All about Email Throttling

All about Email Throttling

Posted under Email Best Practices , Email Delivery on October 26, 2017

What is email throttling?

Email throttling in simple terms is an ISP limiting/controlling the intake of emails from a sender if it crosses a certain number. It is highly possible that you’re blocked by an ISP for sending a high volume of emails at a time. These errors are most often 400 errors – indicating a temporary failure.

Here are some of the common reasons for throttling-

  • The recipient’s mailbox is full
  • The receiving servers are having bandwidth issues or do not have open ports
  • Your IP address might not be known by the receiving server and is afraid you are sending spam emails

How do I know that my emails are getting throttled?

Many of the ISPs throw back a detailed bounce message to the sender regarding the sending frequency/time being too quick.

Why it is important?

ISPs react differently to receiving a large volume of emails from one common source. Some of the ISPs levy permanent or temporary sending volume restrictions.

Most of the ESPs prefer controlling down the sending time. Slowing or throttling down mass campaign helps to differentiate the authentic batch of email from getting tagged as spammy content. Throttling is a good practice to make sure that all your emails are delivered safely to your user’s inbox helping to maintain your sender reputation.

Most of the throttling is temporary and the possible reasons could be either you’re sending too many emails to a receiver/receiving domain or some of the recipients have started marking the email as spam. Hence, the ISPs temporarily start refusing to send more emails, until they see how the existing recipients are responding. If the response seems positive, you can expect the throttle to get removed soon for your next batch of emails.

How email throttle is different from deferrals?

A deferred email is an email which was not delivered to the sender as it was temporarily rejected by the ISP and asked to be sent later.

Whereas in case of a throttled email, the delivery attempt is skipped and a retry attempt for sending the message is made.

But they promised that they’ll deliver a million emails in a go..

Yes, every ESP says this when you sign up for their service.

However, the bitter truth is, it’s not the ESP who decides on limiting the emails. Throttling is done on the ISP’s side which sets a limit to the sending volume.

On the other hand, ESPs can’t go against the ISPs, they have to maintain a superior relation to maintain the inbox quality.

Here are the best practices to avoid Email Throttling:

  • Email Throttling is often overlooked – Simply adjusting the time/frequency with which the messages are sent and spreading out the emails being sent instead of sending a huge volume at once, particularly to a family of domain can help with avoiding email throttling when it comes to email delivery.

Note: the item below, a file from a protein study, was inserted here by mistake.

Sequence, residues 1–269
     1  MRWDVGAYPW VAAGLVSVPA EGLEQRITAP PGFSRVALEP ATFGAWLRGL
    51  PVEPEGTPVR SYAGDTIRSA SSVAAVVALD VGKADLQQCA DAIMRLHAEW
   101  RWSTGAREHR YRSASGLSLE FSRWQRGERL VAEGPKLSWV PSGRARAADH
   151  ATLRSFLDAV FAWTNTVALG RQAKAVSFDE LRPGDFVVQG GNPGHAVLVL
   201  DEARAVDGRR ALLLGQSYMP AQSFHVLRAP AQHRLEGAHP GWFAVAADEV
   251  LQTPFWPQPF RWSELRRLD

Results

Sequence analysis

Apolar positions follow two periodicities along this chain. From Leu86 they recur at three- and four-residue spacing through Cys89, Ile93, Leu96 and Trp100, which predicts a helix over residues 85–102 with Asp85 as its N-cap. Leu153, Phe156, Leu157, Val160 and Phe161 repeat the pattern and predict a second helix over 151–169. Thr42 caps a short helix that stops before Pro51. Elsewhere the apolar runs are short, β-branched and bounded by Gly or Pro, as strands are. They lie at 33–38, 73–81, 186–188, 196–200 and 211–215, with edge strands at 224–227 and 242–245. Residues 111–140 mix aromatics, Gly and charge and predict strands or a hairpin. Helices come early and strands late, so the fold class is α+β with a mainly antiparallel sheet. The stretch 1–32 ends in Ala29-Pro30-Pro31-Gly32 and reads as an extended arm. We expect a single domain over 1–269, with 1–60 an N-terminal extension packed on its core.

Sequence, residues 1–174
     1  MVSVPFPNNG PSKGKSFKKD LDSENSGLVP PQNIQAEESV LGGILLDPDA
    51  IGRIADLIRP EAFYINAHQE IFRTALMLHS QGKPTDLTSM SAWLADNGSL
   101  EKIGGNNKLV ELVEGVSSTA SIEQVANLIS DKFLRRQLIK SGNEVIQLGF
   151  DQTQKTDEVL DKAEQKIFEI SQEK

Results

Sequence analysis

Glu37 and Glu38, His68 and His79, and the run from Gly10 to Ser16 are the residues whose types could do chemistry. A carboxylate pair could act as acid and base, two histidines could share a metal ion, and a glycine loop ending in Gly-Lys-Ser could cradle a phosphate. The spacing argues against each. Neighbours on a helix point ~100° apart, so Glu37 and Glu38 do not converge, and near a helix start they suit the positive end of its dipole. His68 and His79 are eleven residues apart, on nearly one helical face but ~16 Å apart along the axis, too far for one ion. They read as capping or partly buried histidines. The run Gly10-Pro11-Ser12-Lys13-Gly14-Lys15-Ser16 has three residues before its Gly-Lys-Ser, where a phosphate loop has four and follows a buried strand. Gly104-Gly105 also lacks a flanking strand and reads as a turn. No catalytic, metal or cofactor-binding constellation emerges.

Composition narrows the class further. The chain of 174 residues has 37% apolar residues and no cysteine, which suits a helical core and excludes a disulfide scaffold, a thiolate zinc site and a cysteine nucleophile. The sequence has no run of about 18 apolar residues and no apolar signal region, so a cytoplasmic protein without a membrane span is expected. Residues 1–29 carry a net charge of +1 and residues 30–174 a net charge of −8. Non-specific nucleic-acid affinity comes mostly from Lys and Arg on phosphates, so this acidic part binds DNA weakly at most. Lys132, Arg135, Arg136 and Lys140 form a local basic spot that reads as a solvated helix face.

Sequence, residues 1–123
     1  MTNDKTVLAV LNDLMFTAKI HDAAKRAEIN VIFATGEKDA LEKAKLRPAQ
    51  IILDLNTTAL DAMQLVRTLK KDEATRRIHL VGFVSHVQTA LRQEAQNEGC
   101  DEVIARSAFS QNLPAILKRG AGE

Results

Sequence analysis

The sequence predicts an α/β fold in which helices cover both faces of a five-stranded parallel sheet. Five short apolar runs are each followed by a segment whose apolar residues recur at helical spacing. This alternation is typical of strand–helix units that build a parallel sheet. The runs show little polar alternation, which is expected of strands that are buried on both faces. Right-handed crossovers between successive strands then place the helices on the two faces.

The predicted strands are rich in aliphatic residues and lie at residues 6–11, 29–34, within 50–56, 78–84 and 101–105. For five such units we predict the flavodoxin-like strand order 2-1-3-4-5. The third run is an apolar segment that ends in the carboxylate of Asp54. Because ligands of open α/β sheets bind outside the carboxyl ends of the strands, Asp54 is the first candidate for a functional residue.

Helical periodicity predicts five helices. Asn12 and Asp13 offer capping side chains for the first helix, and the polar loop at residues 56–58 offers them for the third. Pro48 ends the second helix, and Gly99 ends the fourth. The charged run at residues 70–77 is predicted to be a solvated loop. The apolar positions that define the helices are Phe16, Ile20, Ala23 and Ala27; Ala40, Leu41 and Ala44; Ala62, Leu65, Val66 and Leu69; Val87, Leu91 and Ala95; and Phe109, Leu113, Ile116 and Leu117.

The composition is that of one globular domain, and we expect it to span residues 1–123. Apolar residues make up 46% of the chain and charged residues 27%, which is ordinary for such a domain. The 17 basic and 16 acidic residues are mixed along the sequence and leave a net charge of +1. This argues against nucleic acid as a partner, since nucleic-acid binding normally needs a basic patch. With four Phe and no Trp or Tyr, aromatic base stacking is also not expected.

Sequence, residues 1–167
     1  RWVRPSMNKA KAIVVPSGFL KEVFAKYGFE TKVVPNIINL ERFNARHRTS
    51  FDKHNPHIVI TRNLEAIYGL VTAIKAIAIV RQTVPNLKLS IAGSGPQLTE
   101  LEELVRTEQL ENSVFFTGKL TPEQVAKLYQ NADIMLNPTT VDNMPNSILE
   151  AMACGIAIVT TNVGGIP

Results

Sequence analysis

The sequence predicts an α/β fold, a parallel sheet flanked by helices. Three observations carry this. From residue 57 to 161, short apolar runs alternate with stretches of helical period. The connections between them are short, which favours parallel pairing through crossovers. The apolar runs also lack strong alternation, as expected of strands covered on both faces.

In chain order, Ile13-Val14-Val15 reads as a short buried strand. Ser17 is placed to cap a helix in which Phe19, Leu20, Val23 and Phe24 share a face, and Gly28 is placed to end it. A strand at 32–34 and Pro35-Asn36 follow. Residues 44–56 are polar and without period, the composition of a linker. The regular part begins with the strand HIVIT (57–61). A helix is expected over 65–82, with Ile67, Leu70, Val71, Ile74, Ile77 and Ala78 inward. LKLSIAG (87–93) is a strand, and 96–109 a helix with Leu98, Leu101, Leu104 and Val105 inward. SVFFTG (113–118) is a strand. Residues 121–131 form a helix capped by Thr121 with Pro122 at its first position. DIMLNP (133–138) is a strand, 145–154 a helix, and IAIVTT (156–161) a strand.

• Shun Bounces – While sending out emails, it is recommended to maintain a ratio of hard and soft bounces. It is always good to update your database with active email addresses to send out emails to, so that you get a good click and open rates. Higher the engagement in terms of open rates, link clicks, CTR, the better the reputation.
  • Separate your marketing and transactional volume – It’s better to use separate sending domains and IPs for marketing and transactional emails. Transactional emails are emails that the receiver expects and is looking forward to. But marketing emails are not as welcome in the inbox. So it is always better to not lower the sender reputation when it comes to the space used for sending transactional emails. Not convinced? This is why you need a dedicated IP for sending a high volume of emails.
  • Follow the warm up process – Warm-up process is when you keep the sending limit lower and gradually increase it with time. This is the best practice when you are sending a high volume of emails. May it be a dedicated IP or a shared one, it is very important to follow the warm-up process to maintain a good reputation with the ISPs. Better the sender reputation, higher the chances of your emails landing in the recipient inbox, and who doesn’t expect that.
  • Clean up your email database – If your email database is not clean, it doesn’t matter how good your IP’s and domain’s reputation is, only hand full of emails to that list will destroy it. It will be perceived as unsolicited mailing by the sender. Hence, it is essential to ensure that you clean your database and remove all the non-existing, inactive emails and unsubscribed email addresses. Keep your users engaged in your newsletters, just to keep your database active and fresh.

Conclusion:

It is very tough to find out the directives of ISPs to avoid the throttling, directives vary from ISP to ISP. The only way to stay away from it is to follow the best practices and get yourself recognized as a good email sender by the ISPs. Post this you may not face deferrals or throttling.

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Akshay Tiwari|Inbound Specialist

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